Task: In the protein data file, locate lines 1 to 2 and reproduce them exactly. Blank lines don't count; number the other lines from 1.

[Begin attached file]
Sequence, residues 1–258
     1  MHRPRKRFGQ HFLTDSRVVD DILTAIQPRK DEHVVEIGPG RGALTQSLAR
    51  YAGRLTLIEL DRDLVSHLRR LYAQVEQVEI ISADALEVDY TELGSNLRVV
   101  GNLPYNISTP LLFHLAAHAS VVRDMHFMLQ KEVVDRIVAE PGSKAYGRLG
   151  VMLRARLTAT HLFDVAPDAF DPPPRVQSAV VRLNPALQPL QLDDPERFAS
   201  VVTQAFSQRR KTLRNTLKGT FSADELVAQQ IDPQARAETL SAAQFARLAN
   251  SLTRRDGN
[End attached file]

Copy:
Sequence, residues 1–258
     1  MHRPRKRFGQ HFLTDSRVVD DILTAIQPRK DEHVVEIGPG RGALTQSLAR